Water fluoridation in Lethbridge is here to stay – for now, at least.
After a lengthy and at times passionate debate Monday, city council voted down by a 5-4 margin a resolution by Ald. Bridget Mearns to end fluoridation of city drinking water, a practice adopted in 1974 after an equally close plebiscite on the issue. Council debated the contentious matter for more than 90 minutes.
Mearns brought the issue forward, arguing there’s evidence that casts doubt on the ethics, safety and effectiveness of fluoridation in preventing tooth decay. Afterward, she appeared to take the loss in stride but said she expects the issue will eventually come up again.
“I don’t think that you can raise it too soon. We’re pretty tapped out. We’ve looked at all the research, and it came down to a 5-4 vote, and I have to respect the will of council. Do I think the issue is gone to bed for another 15 years? Absolutely not,” she said.
“What was important, I think, is that we had this debate,” she said.
Fellow aldermen Faron Ellis, Liz Iwaskiw and Joe Mauro supported Mearns’s resolution. They questioned the ethics of what they consider mass medicating the population by adding fluoride to drinking water. Mayor Rajko Dodic voted against the resolution along with aldermen Ryan Parker, Jeff Coffman, Jeff Carlson and Tom Wickersham, each citing their legal responsibility under the Municipal Government Act to protect the health of the public.
Afterward, Ellis said the issue exposed a clear division on council that’s likely to resurface when dealing with other issues.
“I think the lines are very clearly drawn. The incumbents sided with the status quo, the newly-elected aldermen . . . sided with choice. I see these divisions clearly on many issues, not just this issue, and I expect those lines of division will appear again, particularly on the budget, but on other issues,” he said. “Essentially, what it says is that last fall, at least, the change that the citizens brought to this council through their electoral choices has significantly tipped the balance in votes but it hasn’t ultimately changed the decisions,” he said.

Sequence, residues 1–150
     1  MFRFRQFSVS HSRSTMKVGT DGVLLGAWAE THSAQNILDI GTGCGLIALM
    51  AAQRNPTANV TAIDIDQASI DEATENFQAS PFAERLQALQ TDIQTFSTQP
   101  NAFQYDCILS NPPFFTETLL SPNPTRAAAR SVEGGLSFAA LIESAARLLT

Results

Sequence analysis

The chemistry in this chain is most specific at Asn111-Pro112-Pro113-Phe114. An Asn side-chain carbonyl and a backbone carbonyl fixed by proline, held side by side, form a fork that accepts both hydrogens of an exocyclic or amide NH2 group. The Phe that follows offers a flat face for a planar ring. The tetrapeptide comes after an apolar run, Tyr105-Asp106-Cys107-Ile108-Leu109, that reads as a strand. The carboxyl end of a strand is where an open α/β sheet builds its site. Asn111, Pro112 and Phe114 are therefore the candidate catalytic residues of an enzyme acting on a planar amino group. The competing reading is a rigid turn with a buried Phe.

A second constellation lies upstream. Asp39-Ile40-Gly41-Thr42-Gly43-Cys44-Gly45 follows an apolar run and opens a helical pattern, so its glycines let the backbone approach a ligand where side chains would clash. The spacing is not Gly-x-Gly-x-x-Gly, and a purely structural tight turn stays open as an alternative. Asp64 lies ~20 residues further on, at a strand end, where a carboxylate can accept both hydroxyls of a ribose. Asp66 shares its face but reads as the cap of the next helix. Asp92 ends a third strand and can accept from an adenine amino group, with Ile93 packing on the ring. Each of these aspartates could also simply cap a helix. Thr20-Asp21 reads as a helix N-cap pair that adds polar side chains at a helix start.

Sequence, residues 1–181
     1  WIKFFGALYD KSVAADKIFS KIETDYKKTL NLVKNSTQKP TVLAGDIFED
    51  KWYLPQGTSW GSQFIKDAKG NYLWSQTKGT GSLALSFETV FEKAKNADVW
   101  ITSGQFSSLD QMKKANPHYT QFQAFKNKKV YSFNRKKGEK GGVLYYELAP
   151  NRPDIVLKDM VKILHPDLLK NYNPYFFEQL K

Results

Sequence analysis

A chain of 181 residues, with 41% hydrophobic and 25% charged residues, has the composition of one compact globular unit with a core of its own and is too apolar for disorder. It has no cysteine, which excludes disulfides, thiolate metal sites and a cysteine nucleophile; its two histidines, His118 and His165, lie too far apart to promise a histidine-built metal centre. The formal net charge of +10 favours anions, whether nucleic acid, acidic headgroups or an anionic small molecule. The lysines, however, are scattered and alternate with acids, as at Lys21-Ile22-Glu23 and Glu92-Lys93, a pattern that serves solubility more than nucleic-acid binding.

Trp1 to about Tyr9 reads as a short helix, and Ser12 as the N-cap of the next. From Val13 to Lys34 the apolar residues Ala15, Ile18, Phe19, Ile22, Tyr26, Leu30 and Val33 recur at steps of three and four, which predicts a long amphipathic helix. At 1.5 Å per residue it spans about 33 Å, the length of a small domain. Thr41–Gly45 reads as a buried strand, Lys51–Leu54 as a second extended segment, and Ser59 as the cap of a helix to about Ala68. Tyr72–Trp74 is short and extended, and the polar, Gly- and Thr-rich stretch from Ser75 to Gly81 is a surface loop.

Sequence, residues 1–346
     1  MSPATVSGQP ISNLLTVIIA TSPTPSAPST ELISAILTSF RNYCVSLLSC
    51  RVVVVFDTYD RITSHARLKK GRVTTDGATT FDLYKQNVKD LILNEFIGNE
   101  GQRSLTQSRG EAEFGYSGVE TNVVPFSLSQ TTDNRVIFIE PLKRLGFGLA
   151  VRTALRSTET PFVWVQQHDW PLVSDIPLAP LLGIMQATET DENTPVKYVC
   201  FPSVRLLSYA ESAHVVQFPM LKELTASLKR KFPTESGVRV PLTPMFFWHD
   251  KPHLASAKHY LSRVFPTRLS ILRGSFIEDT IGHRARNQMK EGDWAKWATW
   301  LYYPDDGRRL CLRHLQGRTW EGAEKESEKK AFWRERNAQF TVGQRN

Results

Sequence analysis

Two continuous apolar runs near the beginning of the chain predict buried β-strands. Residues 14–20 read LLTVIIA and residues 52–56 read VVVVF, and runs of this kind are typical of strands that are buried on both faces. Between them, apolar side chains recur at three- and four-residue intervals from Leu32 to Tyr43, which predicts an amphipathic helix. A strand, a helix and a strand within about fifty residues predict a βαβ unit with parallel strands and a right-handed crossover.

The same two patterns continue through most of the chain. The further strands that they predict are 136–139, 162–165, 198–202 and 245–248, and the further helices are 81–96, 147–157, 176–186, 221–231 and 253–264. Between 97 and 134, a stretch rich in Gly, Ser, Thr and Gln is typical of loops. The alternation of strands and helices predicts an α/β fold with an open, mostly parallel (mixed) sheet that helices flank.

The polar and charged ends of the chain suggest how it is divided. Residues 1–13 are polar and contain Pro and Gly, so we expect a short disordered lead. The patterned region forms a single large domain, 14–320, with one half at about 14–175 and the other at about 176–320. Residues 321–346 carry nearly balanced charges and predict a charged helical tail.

It appears council is just as divided on the issue as city residents. A public survey early this year found nearly 49 per cent of Lethbridge residents in favour of continuing fluoridation while nearly 43 per cent wanted it to stop. About nine per cent were undecided.
During debate Monday, Dodic spoke at length, arguing the literature opposing fluoridation lacks the credibility of the scientific evidence in favour of fluoridation.
“In my view, the real research doesn’t support the position being taken by (anti-fluoridation lobbyists),” he said. “I’m satisfied that (fluoridation is) safe, it’s effective, and it was the right decision to make.”
City resident Neil Alho, a vocal opponent of fluoridation, was frustrated with council’s decision and suggested he may not be ready to let the issue rest.
“I think it’s going to take a little while to regroup,” he said. “We may take another option of going through plebiscite (and) leave it up to the population to make a decision on it.”
Mearns said she supported the position of some of her council colleagues that fluoridation should be a matter of provincial jurisdiction because it deals with public health. She said she would like to see the province re-introduce programs where health officials visit schools to teach children about proper oral hygiene.